1. ZFS: Performance and Capacity Impact of Ashift=9 on 4K Sector Drives

    July 31, 2014

    Update 2014-8-23: I was testing with ashift for my new NAS. The ashift=9 write performance deteriorated from 1.1 GB/s to 830 MB/s with just 16 TB of data on the pool. Also I noticed that resilvering was very slow. This is why I decided to abandon my 24 drive RAIDZ3 configuration.

    I'm aware that drives are faster at the outside of the platter and slower on the inside, but the performance deteriorated so dramatically that I did not wanted to continue further.

    My final setup will be a RAIDZ2 18 drive VDEV + RAIDZ2 6 drive VDEV which will give me 'only' 71 TiB of storage, but read performance is 2.6 GB/s and write performance is excellent at 1.9 GB/s. I've written about 40+ TiB to the array and after those 40 TiB, write performance was about 1.7 GB/s, so still very good and what I would expect as drives fill up.

    So actually, based on these results, I have learned not to deviate from the ZFS best practices too much. Use ashift=12 and put drives in VDEVS that adhere to the 2^n+parity rule.

    The uneven VDEVs (18 disk vs. 6 disks) are not according to best practice but ZFS is smart: it distributes data across the VDEVs based on their size. So they fill up equally.


    Choosing between ashift=9 and ashift=12 for 4K sector drives is not always a clear cut case. You have to choose between raw performance or storage capacity.

    My testplatform is Debian Wheezy with ZFS on Linux. I'm using a system with 24 x 4 TB drives in a RAIDZ3. The drives have a native sector size of 4K, and the array is formatted with ashift=12.

    First we create the array like this:

    zpool create storage -o ashift=12 raidz3 /dev/sd[abcdefghijklmnopqrstuvwx]
    

    Note: NEVER use /dev/sd? drive names for an array, this is just for testing, always use /dev/disk/by-id/ names.

    Then we run a simple sequential transfer benchmark with dd:

    root@nano:/storage# dd if=/dev/zero of=ashift12.bin bs=1M count=100000 
    100000+0 records in
    100000+0 records out
    104857600000 bytes (105 GB) copied, 66.4922 s, 1.6 GB/s
    root@nano:/storage# dd if=ashift12.bin of=/dev/null bs=1M
    100000+0 records in
    100000+0 records out
    104857600000 bytes (105 GB) copied, 42.0371 s, 2.5 GB/s
    

    This is quite impressive. With these speeds, you can saturate 10Gbe ethernet. But how much storage space do we get?

    df -h:

    Filesystem                            Size  Used Avail Use% Mounted on
    storage                                69T  512K   69T   1% /storage
    

    zfs list:

    NAME      USED  AVAIL  REFER  MOUNTPOINT
    storage  1.66M  68.4T   435K  /storage
    

    Only 68.4 TiB of storage? That's not good. There should be 24 drives minus 3 for parity is 21 x 3.6 TiB = 75 TiB of storage.

    So the performance is great, but somehow, we lost about 6 TiB of storage, more than a whole drive.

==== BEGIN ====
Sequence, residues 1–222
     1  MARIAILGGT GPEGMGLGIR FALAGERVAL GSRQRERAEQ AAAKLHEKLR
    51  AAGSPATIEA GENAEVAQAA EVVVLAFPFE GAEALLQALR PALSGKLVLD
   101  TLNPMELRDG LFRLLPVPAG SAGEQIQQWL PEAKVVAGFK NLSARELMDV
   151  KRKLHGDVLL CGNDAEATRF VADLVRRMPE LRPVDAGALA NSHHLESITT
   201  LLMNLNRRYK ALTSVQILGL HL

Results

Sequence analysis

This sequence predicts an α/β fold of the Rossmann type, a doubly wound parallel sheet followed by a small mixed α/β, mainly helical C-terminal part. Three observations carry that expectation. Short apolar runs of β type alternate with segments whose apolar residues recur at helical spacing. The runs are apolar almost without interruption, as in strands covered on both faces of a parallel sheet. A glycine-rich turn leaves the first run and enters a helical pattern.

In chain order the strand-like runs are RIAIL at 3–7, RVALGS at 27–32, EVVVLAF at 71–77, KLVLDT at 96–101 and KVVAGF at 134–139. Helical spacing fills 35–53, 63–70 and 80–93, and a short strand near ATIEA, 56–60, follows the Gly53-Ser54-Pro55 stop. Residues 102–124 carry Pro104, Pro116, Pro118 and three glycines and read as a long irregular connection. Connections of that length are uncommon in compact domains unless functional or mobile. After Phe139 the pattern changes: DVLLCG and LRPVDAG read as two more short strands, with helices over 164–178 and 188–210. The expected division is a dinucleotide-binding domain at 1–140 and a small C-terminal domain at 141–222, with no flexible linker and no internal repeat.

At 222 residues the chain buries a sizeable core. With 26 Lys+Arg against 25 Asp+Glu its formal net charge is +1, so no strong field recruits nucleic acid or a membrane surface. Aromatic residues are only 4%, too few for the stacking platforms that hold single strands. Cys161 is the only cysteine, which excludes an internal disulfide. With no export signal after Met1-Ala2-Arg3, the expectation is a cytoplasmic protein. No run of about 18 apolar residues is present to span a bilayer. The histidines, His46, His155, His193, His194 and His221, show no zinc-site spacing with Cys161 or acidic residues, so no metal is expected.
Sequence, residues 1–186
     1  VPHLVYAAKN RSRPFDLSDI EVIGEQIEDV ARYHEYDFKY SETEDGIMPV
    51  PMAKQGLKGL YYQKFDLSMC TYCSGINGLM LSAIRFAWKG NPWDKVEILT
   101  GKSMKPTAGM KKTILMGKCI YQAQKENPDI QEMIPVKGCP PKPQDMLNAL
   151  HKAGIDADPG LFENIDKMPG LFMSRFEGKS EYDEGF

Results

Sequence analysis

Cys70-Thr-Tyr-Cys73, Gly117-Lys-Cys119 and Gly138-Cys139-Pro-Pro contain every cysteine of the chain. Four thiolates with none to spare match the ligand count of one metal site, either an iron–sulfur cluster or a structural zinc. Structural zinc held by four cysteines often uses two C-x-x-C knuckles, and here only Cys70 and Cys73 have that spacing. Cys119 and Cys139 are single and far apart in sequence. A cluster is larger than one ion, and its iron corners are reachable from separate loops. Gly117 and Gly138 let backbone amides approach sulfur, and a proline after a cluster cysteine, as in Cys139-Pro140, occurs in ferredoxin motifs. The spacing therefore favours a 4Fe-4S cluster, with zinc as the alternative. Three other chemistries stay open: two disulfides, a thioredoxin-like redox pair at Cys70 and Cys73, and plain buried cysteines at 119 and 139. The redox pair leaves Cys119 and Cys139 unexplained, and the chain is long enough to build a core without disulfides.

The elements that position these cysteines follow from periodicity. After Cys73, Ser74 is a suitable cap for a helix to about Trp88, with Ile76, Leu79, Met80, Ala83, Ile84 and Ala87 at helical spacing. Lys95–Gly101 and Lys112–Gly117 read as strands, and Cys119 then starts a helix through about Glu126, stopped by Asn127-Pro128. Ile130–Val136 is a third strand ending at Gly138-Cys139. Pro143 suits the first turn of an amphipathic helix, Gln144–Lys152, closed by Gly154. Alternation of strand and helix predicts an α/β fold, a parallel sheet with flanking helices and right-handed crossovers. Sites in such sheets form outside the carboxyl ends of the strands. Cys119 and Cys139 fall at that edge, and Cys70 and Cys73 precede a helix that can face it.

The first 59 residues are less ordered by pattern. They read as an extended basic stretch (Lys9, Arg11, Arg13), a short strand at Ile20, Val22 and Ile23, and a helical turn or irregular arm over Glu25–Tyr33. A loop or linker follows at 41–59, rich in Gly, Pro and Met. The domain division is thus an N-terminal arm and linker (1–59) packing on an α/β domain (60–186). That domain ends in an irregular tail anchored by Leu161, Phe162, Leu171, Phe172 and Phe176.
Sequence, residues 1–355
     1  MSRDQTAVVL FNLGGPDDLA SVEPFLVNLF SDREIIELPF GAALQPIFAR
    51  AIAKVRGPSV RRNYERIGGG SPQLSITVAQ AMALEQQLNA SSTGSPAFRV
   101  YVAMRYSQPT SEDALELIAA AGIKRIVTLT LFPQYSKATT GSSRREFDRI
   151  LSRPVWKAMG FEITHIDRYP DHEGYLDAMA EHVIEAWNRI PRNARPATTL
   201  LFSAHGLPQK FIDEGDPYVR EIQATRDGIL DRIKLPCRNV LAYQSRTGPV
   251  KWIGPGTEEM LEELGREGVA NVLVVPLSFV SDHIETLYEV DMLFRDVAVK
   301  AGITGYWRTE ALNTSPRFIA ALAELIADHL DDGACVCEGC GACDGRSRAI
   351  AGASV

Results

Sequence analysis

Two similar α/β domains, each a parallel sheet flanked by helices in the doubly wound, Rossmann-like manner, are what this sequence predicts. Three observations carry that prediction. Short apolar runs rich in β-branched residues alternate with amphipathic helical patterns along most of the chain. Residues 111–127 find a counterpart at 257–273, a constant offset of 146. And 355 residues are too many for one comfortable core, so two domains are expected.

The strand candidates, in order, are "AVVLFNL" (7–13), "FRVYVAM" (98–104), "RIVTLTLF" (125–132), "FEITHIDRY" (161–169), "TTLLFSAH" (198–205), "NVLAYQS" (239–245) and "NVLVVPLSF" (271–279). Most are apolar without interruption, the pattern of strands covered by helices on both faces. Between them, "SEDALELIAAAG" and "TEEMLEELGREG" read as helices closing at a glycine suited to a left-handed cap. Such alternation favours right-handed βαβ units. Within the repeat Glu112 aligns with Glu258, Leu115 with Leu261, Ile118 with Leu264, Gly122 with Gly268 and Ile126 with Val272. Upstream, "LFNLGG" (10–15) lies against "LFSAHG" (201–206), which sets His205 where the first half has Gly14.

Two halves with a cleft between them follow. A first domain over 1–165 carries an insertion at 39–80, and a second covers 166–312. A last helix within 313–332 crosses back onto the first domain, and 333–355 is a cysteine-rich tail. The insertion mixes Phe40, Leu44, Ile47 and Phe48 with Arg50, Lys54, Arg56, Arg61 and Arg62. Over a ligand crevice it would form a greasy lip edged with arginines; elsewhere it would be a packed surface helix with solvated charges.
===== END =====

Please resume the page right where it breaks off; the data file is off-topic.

So what happens if you create the same array with ashift=9?

    zpool create storage -o ashift=9 raidz3 /dev/sd[abcdefghijklmnopqrstuvwx]
    

    These are the benchmarks:

    root@nano:/storage# dd if=/dev/zero of=ashift9.bin bs=1M count=100000 
    100000+0 records in
    100000+0 records out
    104857600000 bytes (105 GB) copied, 97.4231 s, 1.1 GB/s
    root@nano:/storage# dd if=ashift9.bin of=/dev/null bs=1M
    100000+0 records in
    100000+0 records out
    104857600000 bytes (105 GB) copied, 42.3805 s, 2.5 GB/s
    

    So we lose about a third of our write performance, but the read performance is not affected, probably by read-ahead caching but I'm not sure.

    With ashift=9, we do lose some write performance, but we can still saturate 10Gbe.

    Now look what happens to the available storage capacity:

    df -h:

    Filesystem                         Size  Used Avail Use% Mounted on
    storage                             74T   98G   74T   1% /storage
    

    zfs list:

    NAME      USED  AVAIL  REFER  MOUNTPOINT
    storage   271K  73.9T  89.8K  /storage
    

    Now we have a capacity of 74 TiB, so we just gained 5 TiB with ashift=9 over ashift=12, at the cost of some write performance.

    So if you really care about sequential write performance, ashift=12 is the better option. If storage capacity is more important, ashift=9 seems to be the best solution for 4K drives.

    The performance of ashift=9 on 4K drives is always described as 'horrible' but I think it's best to run your own benchmarks and decide for yourself.

    Caveat: I'm quite sure about the benchmark performance. I'm not 100% sure how reliable the reported free space is according to df -h or zfs list.

    Edit: I have added a bit of my own opinion on the results.

    Tagged as : ZFS Linux
  2. Linux: Script That Creates Table of Network Interface Properties

    August 15, 2013

    My server has 5 network interfaces and I wanted a quick overview of some properties. There may be an existing linux command for this but I couldn't find it so I quickly wrote my own script (download).

    This is the output:

    showinterfacesimage

    The only requirement for this script is that you have 'ethtool' installed.

    Update 2013-08-17

    I recreated the script in python (download) so I can just dynamically format the table and not use ugly hacks I used in the bash script.

    Tagged as : Linux Networking